Is it just me, or is C3PO just plain irritating at this point? I wanted to smack him as he went through his high-strung Jeeves paces. Where is the soulful introspection from Episode I? As for R2D2, his brand of metallic whimsy just doesn’t do it for me anymore. And, yes, Jar Jar is back, but only briefly, though if you’ve endured him before, you know that even a millisecond is more than we should be asked to bear.
Much more satisfying is Ewan McGregor as Anakins mentor, Obi Wan Kenobi. McGregor wrests as much juice as he can from the hackneyed lines hes given, though it is a palpably life-and-death struggle at times. Theres a wit and a twinkle there that probably has as much to do with the windfall in merchandising tie-ins that he will enjoy as with anything else and more power to him. I, for one, will always be grateful for the piquant spin he gives to such cliché lines as I hate it when he does that, when Anakin, exhibiting yet another fit of adolescent angst, leaps from a flying car to land on another two or three miles below.
And what can I say about Samuel L. Jackson? Even with Lucas trying to shift that blazing intensity into neutral, as Jedi master Mace Windu, Jackson erupts on the screen with a take-charge, dont-make-me-mess-with-you attitude that could drop a Wookie at ten yards and keep it there.
Christopher Lee as Count Dooku, the Jedi already gone wrong brings that effortless silky evil that hes been doing for fifty years to his part. No easy feat considering that hes called upon to engage in fierce, light-saber combat with, wait for it, Yoda. Yes, the muppet. Lee at what looks to be seven-feet-plus conveys an actual sense of urgency while engaged in a parry-and-thrust fest with three feet of digitally re-created foam rubber. Though, to be fair, the effects work that give Yoda realistic expressions and smoother movement dont hurt. Its a moment that is, for me, the nadir. At the press screening I attended, once we realized who it was coming round that corner to take Lee on, we whooped with laughter. Some of us never quite stopped laughing and some actually got into it. I cannot explain this. Perhaps the force was not strong with them.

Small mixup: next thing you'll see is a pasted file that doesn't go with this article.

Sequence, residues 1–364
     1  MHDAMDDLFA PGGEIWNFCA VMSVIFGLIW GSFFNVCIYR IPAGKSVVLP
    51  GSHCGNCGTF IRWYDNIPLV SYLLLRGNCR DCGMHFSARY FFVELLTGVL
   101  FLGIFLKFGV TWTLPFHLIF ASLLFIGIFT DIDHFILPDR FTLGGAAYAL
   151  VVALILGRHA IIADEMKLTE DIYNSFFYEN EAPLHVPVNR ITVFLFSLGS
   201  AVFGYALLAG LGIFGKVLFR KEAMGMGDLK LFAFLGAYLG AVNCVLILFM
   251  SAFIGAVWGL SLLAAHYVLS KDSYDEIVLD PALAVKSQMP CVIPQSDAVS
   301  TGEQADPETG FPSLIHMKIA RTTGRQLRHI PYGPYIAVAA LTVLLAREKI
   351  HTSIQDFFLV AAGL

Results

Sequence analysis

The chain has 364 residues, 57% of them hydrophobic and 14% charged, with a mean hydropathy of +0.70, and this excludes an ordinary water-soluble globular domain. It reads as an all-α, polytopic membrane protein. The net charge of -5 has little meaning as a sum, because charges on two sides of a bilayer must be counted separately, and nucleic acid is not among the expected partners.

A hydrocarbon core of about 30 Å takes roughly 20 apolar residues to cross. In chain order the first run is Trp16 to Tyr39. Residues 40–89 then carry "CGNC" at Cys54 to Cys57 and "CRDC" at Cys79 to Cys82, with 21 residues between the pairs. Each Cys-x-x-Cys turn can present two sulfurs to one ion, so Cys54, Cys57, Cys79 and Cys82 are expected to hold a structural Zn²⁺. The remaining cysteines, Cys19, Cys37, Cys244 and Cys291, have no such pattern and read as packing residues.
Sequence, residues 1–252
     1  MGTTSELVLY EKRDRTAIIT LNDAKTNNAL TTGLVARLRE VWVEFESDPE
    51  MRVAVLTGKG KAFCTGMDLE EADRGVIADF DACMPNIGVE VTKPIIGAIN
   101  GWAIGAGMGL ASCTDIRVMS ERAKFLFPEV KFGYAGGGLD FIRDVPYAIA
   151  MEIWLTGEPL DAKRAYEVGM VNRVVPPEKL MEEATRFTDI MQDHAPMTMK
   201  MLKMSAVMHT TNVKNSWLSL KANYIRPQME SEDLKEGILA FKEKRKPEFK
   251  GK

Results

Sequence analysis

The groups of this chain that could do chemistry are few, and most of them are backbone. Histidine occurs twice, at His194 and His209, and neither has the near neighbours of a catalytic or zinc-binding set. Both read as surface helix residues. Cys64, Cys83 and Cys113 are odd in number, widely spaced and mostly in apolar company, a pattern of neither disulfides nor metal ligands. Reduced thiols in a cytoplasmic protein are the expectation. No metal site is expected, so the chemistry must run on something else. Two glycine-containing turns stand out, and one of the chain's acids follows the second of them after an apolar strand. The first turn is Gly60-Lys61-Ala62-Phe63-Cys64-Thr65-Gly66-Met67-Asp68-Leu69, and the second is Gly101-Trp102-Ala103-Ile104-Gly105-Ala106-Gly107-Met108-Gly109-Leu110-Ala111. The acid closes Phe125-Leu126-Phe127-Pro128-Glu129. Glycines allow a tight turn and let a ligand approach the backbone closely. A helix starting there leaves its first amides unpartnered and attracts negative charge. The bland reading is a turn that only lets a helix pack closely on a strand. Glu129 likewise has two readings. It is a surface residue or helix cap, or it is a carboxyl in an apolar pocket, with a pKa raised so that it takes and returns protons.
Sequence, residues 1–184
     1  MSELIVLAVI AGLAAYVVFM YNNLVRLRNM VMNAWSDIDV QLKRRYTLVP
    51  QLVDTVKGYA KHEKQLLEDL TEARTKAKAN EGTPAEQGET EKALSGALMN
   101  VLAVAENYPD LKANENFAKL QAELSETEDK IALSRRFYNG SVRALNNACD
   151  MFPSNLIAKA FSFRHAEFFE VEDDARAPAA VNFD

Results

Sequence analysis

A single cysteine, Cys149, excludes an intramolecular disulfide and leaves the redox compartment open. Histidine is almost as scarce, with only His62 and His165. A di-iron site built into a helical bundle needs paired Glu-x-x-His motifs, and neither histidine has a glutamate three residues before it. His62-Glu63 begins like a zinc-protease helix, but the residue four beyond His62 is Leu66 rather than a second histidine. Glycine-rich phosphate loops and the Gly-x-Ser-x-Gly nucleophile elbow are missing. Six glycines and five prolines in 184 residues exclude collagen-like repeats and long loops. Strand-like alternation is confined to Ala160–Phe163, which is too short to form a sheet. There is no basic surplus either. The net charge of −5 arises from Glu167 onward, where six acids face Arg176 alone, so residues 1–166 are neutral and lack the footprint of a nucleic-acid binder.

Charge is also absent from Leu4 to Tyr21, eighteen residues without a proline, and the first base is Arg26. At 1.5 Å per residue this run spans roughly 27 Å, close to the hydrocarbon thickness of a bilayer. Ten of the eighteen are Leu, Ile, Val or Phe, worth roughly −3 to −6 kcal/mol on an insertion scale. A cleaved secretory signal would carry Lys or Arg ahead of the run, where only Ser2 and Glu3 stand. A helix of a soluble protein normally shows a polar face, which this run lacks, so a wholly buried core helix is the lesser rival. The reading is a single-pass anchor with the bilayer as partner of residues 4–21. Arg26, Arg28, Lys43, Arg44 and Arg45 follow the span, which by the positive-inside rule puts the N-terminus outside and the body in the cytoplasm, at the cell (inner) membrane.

But those effects. Wow. The clone-makers are willowy silver creatures that move like flowing water. Their laboratory is an endless cavern full to bursting with enormous wheels bearing uncountable pods of clones in the making, each fetus moving fitfully. The chase scenes of space ships through an asteroid field, evoke the fun of the original with better art design. And dont forget Amidalas costumes and hairdos, of which there are more than you want to keep track of, and that test the limits of what fashion- and hair-designers can do, even with lacquer, chicken-wire and hoop skirts. And for those of you old enough to remember the old Hertz commercial about putting you in the drivers seat, you will see an echo, might one suspect homage?, of that here. Its kitschy, but I liked it.
There are some nifty bits of foreshadowing that pose questions to be answered later, too. Such as the army of clones, all sprung from the genetic material of a trader named Fett, wearing armor that looks exactly like what the Empire storm troopers will be sporting later.
ATTACK OF THE CLONES rewards those who held out hope that things would get better after the stumble and splat of Episode I. But, in essence, what do we have? A few gee whiz vistas, some supporting roles that help us through the love story that could be used for a celibacy campaign, and well-executed action sequences that will no doubt be available as computer games from one of Lucas subsidiaries in no time flat. How I wish I could say something other than ho-hum.